US copyright office rejects AI generated image

Photo Credit: Steve Johnson

The US Copyright Office has rejected copyright protection for yet another image created using artificial intelligence.

An award-winning image created by artist Jason M. Allen with the generative AI platform Midjourney is the latest to be denied copyright protection by the US Copyright Office. The office said on Tuesday, September 5, that Allen’s image, the science fiction-themed “Theatre D’opera Spatial,” was not entitled to copyright protection due to the AI-generated elements of the work.

Allen told the US Copyright Office that he “input numerous revisions and text prompts at least 624 times to arrive at the initial version of the image” using Midjourney before altering it with Adobe Photoshop. The office asked Allen to disclaim the parts of the image generated by Midjourney in order to be eligible for copyright protection, but Allen declined. The office, therefore, rejected his application.

The Copyright Review Board at the US Copyright Office affirmed that decision on the grounds that the image as a whole was not copyrightable due to containing “more than a minimal amount” of AI-generated material.

Allen argued that his “creative input into Midjourney, which included ‘entering a series of prompts, adjusting the scene, selecting portions to focus on, and dictating the tone of the image’ is on part with that expressed by other types of artists and capable of copyright protection.”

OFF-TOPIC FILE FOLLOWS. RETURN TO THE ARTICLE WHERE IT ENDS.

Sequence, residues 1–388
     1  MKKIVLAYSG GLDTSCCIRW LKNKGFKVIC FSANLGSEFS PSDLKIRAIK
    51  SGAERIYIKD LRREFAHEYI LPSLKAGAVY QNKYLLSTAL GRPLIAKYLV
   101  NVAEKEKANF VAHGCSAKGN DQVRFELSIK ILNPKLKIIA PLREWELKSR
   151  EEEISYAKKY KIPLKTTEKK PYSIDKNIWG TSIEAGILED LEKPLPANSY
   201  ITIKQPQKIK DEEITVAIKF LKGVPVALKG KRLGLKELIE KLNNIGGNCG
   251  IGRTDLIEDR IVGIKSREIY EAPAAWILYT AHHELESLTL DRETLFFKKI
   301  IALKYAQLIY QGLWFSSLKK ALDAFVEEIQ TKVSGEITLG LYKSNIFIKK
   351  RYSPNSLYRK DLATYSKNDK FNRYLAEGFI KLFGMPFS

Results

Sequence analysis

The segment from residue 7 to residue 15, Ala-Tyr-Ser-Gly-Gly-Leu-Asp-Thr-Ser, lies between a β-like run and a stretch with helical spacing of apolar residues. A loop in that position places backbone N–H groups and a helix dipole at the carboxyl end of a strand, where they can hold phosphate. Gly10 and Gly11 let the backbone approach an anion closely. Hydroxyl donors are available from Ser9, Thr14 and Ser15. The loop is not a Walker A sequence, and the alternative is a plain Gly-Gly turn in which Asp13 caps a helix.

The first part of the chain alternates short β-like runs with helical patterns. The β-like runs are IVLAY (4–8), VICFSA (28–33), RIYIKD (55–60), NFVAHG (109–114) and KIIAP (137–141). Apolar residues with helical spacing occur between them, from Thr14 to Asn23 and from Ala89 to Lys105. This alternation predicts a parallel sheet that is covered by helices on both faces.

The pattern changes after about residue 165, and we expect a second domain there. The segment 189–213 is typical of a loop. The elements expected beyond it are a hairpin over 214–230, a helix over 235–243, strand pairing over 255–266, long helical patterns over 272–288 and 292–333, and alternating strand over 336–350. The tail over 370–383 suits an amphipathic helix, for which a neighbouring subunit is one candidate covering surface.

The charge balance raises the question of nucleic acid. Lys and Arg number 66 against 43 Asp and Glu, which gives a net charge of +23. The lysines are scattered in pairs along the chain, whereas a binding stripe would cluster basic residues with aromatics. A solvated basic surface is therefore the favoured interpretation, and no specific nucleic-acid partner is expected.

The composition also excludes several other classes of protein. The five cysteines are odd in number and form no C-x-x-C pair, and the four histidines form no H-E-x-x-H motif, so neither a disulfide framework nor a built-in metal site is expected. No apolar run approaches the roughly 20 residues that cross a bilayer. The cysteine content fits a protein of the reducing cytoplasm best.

He further asserted that the fair use doctrine would allow for registration of the work in allowing “for transformative uses of copyrighted material,” regardless of whether the underlying AI-generated work is eligible for copyright protection, arguing that the office should consider the work as the sum of its parts.

Under the Copyright Act, the office registers “original works of authorship fixed in any tangible medium of expression.” Courts have interpreted the phrase “works of authorship” to require human creation of the work and have uniformly rejected attempts to seek copyright protection for “the creations of non-humans.”

Allen also argued that denying copyrights for AI-created material leaves a “void of ownership troubling to creators,” but the office rejected this argument too.

“If this stands, it is going to create more problems than it solves,” said Allen. “This is going to create new and creative problems for the copyright office in ways we can’t even speculate yet.”

Representatives for the Midjourney platform have not responded to media requests for a comment.